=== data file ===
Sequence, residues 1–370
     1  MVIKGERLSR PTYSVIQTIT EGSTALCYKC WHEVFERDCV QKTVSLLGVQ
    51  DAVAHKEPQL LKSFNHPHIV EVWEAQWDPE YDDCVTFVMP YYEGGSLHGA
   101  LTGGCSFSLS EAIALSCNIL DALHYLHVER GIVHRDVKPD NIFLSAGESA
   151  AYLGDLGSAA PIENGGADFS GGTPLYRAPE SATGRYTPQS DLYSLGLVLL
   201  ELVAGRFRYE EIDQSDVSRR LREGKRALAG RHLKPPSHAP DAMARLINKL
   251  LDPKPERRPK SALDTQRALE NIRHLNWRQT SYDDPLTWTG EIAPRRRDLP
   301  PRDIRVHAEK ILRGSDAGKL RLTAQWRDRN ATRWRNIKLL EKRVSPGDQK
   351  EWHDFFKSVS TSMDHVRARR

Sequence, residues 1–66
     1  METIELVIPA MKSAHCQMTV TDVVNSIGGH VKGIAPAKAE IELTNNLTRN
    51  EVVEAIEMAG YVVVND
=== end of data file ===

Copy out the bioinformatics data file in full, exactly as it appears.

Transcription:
Sequence, residues 1–370
     1  MVIKGERLSR PTYSVIQTIT EGSTALCYKC WHEVFERDCV QKTVSLLGVQ
    51  DAVAHKEPQL LKSFNHPHIV EVWEAQWDPE YDDCVTFVMP YYEGGSLHGA
   101  LTGGCSFSLS EAIALSCNIL DALHYLHVER GIVHRDVKPD NIFLSAGESA
   151  AYLGDLGSAA PIENGGADFS GGTPLYRAPE SATGRYTPQS DLYSLGLVLL
   201  ELVAGRFRYE EIDQSDVSRR LREGKRALAG RHLKPPSHAP DAMARLINKL
   251  LDPKPERRPK SALDTQRALE NIRHLNWRQT SYDDPLTWTG EIAPRRRDLP
   301  PRDIRVHAEK ILRGSDAGKL RLTAQWRDRN ATRWRNIKLL EKRVSPGDQK
   351  EWHDFFKSVS TSMDHVRARR

Sequence, residues 1–66
     1  METIELVIPA MKSAHCQMTV TDVVNSIGGH VKGIAPAKAE IELTNNLTRN
    51  EVVEAIEMAG YVVVND